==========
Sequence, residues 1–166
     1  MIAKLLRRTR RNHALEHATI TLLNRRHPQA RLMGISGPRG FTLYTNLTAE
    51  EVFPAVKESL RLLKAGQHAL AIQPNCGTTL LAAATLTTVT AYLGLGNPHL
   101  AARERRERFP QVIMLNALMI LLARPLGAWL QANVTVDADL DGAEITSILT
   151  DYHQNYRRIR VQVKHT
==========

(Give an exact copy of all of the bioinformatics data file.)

Sequence, residues 1–166
     1  MIAKLLRRTR RNHALEHATI TLLNRRHPQA RLMGISGPRG FTLYTNLTAE
    51  EVFPAVKESL RLLKAGQHAL AIQPNCGTTL LAAATLTTVT AYLGLGNPHL
   101  AARERRERFP QVIMLNALMI LLARPLGAWL QANVTVDADL DGAEITSILT
   151  DYHQNYRRIR VQVKHT